A Portrait of Penn Castle, by Artist Larry Mansker
Here is Larry in front of Penn Castle built by Major in the Confederate Army, William E. Penn, in 1888. Some time later, he became a lawyer and a wildly successful evangelist. Penn traveled the country and world to preach, and his converts numbered in the thousands. Often referred to as The Texas Evangelist, William Penn combined his love for Nottingham and Hucknall Castles (in Merry'Ol''England) into his very own Penn Castle, here in Eureka Springs, Arkansas, USA.
He first built four back rooms as a simple cottage, then “as the Lord provided”, he was able to add the impressive three-story front part of the house, along with the Tiffany-style stained glass windows designed to show his call from God to the ministry.
He and his wife, Corilla, eventually bought the entire mountain top which spans from Penn Castle all the way from what is today the Gavioli Chapel and down Mountain Street to Penn Memorial Baptist Church, which was built in 1912 in honor of Major Penn.
Often known as Eureka's most historic Victorian home, Penn Castle, has as colorful a past as Eureka itself.
The home and its religious themed Tiffany stained glass windows in the parlor were featured on the HGTV program If Walls Could Talk. The home is built of limestone and boasts some of the most well preserved mill work of the time including ornate fireplace mantels and other unique architectural details.
After the death of both Major and Mrs. Penn, the house was only owned by a few other families. In the 1950’s, Gerald L.K. Smith, and his wife Elna, bought the house and made it their home. The Smith’s made some changes to the home, but were primarily occupied with the founding of The Great Passion Play, and the Elna M. Smith Foundation.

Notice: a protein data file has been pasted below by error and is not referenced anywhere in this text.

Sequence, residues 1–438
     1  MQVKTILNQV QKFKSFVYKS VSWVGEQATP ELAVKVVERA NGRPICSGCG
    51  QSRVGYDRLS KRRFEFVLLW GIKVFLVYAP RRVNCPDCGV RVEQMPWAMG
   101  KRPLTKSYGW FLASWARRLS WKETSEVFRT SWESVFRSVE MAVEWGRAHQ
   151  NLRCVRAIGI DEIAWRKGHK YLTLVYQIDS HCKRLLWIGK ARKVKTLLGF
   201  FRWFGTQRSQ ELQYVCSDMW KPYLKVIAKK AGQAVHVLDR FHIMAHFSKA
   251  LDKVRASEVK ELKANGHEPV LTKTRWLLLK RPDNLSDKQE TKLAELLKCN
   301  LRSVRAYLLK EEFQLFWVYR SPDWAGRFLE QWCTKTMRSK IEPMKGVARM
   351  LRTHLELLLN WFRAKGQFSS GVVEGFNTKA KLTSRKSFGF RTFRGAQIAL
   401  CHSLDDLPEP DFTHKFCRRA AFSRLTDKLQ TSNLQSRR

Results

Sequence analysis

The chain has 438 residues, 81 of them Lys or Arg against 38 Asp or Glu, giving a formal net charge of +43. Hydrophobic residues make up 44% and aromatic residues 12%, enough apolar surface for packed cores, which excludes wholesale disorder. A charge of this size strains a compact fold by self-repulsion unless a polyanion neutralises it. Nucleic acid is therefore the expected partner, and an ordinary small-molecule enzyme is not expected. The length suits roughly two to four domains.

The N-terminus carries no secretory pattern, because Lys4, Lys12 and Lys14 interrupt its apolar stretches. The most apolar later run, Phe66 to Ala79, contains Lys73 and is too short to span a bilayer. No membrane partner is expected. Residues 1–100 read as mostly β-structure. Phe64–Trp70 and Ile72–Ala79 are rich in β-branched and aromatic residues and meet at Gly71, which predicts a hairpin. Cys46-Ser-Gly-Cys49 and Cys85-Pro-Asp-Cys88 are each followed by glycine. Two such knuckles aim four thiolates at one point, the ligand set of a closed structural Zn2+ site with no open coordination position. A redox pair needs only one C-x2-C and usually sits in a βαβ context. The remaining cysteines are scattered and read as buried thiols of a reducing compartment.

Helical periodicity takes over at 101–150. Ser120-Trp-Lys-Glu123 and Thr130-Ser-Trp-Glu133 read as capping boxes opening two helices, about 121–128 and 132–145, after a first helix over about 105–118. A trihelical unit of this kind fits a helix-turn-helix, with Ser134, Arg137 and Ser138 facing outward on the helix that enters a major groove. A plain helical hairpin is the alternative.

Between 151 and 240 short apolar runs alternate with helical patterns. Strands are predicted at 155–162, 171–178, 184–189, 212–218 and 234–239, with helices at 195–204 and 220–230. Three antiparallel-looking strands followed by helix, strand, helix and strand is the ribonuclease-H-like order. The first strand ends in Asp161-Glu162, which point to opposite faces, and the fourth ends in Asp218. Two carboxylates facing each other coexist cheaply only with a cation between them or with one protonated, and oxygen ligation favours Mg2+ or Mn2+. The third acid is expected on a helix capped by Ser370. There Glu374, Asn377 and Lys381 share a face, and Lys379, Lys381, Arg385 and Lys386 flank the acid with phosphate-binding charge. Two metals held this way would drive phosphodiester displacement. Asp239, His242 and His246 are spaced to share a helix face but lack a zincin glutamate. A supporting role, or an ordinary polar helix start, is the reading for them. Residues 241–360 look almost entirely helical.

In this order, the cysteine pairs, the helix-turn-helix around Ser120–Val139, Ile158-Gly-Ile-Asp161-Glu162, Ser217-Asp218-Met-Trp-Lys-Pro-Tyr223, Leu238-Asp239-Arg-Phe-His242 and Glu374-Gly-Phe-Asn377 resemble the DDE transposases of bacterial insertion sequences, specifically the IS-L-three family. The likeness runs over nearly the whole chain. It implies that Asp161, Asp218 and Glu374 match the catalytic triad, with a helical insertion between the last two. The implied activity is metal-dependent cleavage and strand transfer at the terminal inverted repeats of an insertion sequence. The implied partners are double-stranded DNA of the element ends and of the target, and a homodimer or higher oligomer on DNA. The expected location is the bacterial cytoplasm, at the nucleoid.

The impressive front portion of the castle includes a balcony that looks to the east. It is the only house on Eureka Street with a balcony facing that direction. That proved very important to Smith, as he bought the house sight unseen after being told about the balcony where he could watch the construction of his Christ of the Ozarks statue from home.
The new owners of Penn Castle asked Larry Masker to paint a portrait of Penn Castle and here's how he transformed this historic home into their work of art.
First, he and the current owners of Penn Castle collected photographs of the castle that were set in early evening in order to focus on the stunning stained glass windows of the Castle.
Next, there was a sketch created in order to further evolve the painting.
After several coats of under-painting to achieve the ideal tone for that time of day and then it was time to transfer the sketch. This is where Larry incorporates the major shapes and colors.
Note: under-painting is an initial layer of paint applied to a ground, which serves as a base for subsequent layers of paint. Under-paintings are often monochromatic and help to define color values for later painting.
...in the last steps, Larry gets out his small brushes and details the painting .. .. .. like so.
The frame that was chosen is most apropos. An antique style frame compliments the antique style interior and exterior of the castle.
Penn Castle, seen here in these pictures taken in 2018, is still truly timeless in Eureka Springs, Arkansas.
About Larry Mansker (from Fine Art America) :
"I have been making art for over seven decades. Primarily two dimensional paintings and drawings. My reason for making art was to tell a story. My story or help someone else tell their stories.
Galleries and books helped find homes for my personal stories. Advertising and public relations agencies as well as architects and designers helped find clients who needed their stories told. Sailing over the rolling waters with beautiful skies was fascinating to me in my California days. My book Sailing Impresions helped tell that story. The Forest Impressions Series' tells the story of living in the deep woods of the Ozark Mountains, my current home." More creations of Larry's art, made to tell his stories and the stories of others, can be seen on his web site - www.LarryMansker.com